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Pages 1-6

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From page 1...
... The Academies' decadal surveys are notable in their ability to sample thoroughly the research interests, aspirations, and needs of a scientific community. Through a rigorous process lasting about 2 years, a primary survey committee and "thematic" panels of community members construct a prioritized program of science goals and objectives and define an executable strategy for achieving them.
From page 2...
... The same is true for decadal surveys achieving community consensus on how to advance a field with a 10-year program. Indeed, the committee found no evidence of widespread dissatisfaction about the outcome of a decadal process of prioritizing science activities: no one at the 2012 workshop, or in any other communication to the committee, suggested the outcome was capricious or arbitrary, tied to the composition of the relevant survey committee, or not representative of a community consensus of its highest-priority science goals.
From page 3...
... In the prioritization of planetary science goals, these disciplines underlie the "hottest topics": the search for water and life on Mars or within the icy moons of the outer solar system; the history of volcanism on Venus, the Moon, and on icy satellites; and the composition of comets, asteroids, and planetoids that hold clues to the solar system's formation. Earth science and applications from space and, to a significant extent, heliophysics are focused on complex natural processes: both fields place a high priority on establishing decades of synoptic data.
From page 4...
... Working in the context of such variety of subject and methodology, the decadal process has proven highly adaptable and remained effective in its mission to prioritize science goals and make plans to accomplish them. This report describes many other aspects of the decadal survey prioritization process, including balance in the science program and across the discipline; balance between the needs of current researchers and the development of the future workforce; and balance in mission scale -- smaller, competed programs versus large, strategic missions.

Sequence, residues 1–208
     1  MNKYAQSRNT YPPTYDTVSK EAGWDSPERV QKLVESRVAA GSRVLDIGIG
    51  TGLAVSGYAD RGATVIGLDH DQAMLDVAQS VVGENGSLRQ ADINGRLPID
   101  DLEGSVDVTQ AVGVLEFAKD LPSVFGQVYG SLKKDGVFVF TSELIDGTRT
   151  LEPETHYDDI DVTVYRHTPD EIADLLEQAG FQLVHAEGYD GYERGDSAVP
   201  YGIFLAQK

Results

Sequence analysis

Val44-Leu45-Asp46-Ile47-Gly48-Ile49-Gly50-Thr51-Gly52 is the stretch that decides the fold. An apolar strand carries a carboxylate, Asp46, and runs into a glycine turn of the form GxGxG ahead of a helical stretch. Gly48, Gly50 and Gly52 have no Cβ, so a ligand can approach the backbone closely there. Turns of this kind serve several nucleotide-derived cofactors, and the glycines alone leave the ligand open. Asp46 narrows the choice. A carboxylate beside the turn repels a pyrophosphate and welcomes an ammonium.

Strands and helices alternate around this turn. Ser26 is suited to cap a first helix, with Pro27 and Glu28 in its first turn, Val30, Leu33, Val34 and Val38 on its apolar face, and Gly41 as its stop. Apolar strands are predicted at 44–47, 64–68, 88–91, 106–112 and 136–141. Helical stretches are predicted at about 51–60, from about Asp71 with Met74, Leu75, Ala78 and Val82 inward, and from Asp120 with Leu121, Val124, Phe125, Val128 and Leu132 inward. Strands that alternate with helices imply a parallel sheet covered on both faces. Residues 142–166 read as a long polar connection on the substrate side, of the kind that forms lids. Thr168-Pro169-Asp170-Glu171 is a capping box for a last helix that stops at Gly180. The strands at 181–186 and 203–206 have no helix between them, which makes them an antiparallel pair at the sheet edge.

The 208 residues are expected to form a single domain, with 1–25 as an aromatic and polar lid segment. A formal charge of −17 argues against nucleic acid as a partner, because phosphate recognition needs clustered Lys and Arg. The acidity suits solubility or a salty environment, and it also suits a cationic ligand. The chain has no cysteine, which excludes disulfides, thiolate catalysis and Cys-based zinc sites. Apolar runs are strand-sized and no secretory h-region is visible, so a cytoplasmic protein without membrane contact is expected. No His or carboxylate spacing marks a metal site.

From page 5...
... Despite, and also because of, these misgivings about the value of a stand-alone process for science prioritization, the committee endorses reviewing the "state of the science" before a new survey begins, as distinct from creating a new process to do "science prioritization." Fortunately, there are ongoing activities to facilitate that activity, including the midterm decadal review and the Space Studies Board with its discipline-specific standing committees. NASA advisory committees, including NASA's many assessment and analysis groups (like the Mars Exploration Program Analysis Group, the Cosmic Origins Program Anaysis Group, and the Geospace-Management Operations Working Group)
From page 6...
... The committee reviewed the CATE activity that was added to the decadal process in response to the 2008 NASA Authorization Act, which requires an independent cost estimate that can be compared to the budgets provided by mission advocates. The committee concluded that the CATE process has become a best practice of decadal surveys, adding credibility to their implementation plans.

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